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Grabill v. Corizon, Inc.

United States District Court, Fourth Circuit

August 1, 2013

STANLEY M. GRABILL, JR., Plaintiff,
v.
CORIZON, INC., Defendant.

MEMORANDUM

JAMES K. BREDAR, District Judge.

Stanley M. Grabill ("Plaintiff") brought this suit against Corizon, Inc. ("Defendant") alleging negligence. Now pending before the Court are Defendant's motion to dismiss (ECF No. 11) and Plaintiff's motion for leave to file a supplemental certificate of merit and report (ECF No. 13). The issues have been briefed and no hearing is required. Local Rule 105.6. For the reasons set forth below, Defendant's motion to dismiss will be GRANTED and Plaintiff's motion for leave to file a supplemental certificate of merit and report will be DENIED.

I. BACKGROUND[1]

Plaintiff is "a current resident at the Maryland Correctional Institute at Hagerstown in Washington County, Maryland." (Compl. ¶ 1; ECF No. 1.) Defendant is a Missouri corporation that was, at all relevant times, "under contract with the State of Maryland to provide health care services to inmates housed within the Maryland State Department of Corrections." ( Id. ¶ 2.)

Plaintiff alleges that in 2004 and early 2005 he "began to experience abdominal symptoms, including a change in bowel habits and bleeding from the rectum." ( Id. ¶ 7.) Plaintiff raised these symptoms with "physicians and health care providers" employed by Defendant. ( Id. ¶ 8.) These doctors "repeatedly reassured [Plaintiff] that nothing serious was wrong, that he just had prostate problems, ' and that he needed bed rest.'" ( Id. ¶ 9.) The doctors "specifically failed and refused to send [Plaintiff] to the hospital to have his condition investigated and diagnosed." ( Id. )

In February 2007, Plaintiff "began passing large amounts of blood in his stool." ( Id. ¶ 10.) On February 20, 2007, he was taken to the hospital and diagnosed with "a cancerous tumor of his colon." ( Id. ¶ 11.) Plaintiff underwent surgery, "which required a resection of the bowel, and the creation of a colostomy, " which he still has. ( Id. ¶ 12.) Plaintiff alleges that the failure by Defendant's employees to diagnose his cancer in 2004 or 2005 was due to their negligence, which allowed the tumor to develop and caused Plaintiff to require surgery and the colostomy. ( Id. ¶¶ 14-16.)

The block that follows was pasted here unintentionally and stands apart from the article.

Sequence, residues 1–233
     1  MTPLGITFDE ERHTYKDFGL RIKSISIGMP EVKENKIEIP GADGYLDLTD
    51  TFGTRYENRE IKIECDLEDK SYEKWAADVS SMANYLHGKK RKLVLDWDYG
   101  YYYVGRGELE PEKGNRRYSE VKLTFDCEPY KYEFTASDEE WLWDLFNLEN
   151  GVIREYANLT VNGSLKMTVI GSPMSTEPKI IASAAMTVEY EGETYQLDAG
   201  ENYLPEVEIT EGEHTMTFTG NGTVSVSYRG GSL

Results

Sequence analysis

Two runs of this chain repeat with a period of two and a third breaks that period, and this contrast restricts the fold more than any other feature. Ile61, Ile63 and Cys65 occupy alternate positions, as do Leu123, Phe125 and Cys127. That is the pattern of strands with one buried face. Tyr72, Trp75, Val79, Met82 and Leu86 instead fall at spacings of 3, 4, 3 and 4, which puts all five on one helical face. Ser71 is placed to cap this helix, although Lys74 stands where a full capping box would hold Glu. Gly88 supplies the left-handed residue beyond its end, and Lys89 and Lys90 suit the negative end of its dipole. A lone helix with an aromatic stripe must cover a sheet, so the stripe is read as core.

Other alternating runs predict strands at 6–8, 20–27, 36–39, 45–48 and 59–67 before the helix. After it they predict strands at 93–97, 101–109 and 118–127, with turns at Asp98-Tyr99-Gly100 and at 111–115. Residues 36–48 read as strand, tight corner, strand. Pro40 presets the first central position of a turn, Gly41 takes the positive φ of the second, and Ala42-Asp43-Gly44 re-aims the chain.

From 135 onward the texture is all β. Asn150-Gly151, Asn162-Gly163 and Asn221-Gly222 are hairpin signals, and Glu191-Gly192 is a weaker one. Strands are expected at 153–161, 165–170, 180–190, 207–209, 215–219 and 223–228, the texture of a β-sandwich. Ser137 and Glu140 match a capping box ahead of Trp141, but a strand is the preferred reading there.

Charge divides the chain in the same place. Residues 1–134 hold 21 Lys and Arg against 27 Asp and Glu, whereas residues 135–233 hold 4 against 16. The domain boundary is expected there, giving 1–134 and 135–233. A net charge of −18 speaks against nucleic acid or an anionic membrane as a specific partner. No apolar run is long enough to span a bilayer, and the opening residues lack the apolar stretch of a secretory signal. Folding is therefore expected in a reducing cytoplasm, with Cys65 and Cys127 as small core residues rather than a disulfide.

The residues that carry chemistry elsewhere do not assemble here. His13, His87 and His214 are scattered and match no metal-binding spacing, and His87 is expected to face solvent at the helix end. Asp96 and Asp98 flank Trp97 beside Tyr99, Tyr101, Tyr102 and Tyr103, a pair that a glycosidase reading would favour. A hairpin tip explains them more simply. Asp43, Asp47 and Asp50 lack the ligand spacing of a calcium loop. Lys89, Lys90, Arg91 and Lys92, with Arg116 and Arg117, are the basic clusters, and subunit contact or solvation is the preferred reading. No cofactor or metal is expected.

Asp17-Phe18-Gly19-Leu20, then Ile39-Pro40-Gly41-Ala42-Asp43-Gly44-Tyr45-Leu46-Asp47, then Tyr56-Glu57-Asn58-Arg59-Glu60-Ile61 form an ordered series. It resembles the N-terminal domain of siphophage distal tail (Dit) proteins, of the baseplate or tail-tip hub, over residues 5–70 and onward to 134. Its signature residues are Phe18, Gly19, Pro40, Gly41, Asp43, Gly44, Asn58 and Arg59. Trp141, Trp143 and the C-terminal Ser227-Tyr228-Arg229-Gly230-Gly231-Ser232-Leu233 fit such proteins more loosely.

As required by Maryland law, Plaintiff initially filed a statement of claim with the Health Care Alternative Dispute Resolution Office ("HCADRO") on February 18, 2010. (Pl. Br. in Support of Motion to Extend Time ¶ 1, ECF No. 13-1.) Plaintiff sought and received from HCADRO three extensions of time to file his certificate of merit and report. ( Id. ¶¶ 2, 3.) On December 20, 2010, Plaintiff filed with HCADRO a certificate of merit and an expert report by Dr. Lambert King. ( Id. ¶ 4.) On November 7, 2012, Plaintiff filed with HCADRO a notice of election to waive arbitration. ( Id. ¶ 6.) On January 4, 2013, Plaintiff filed his complaint in this Court.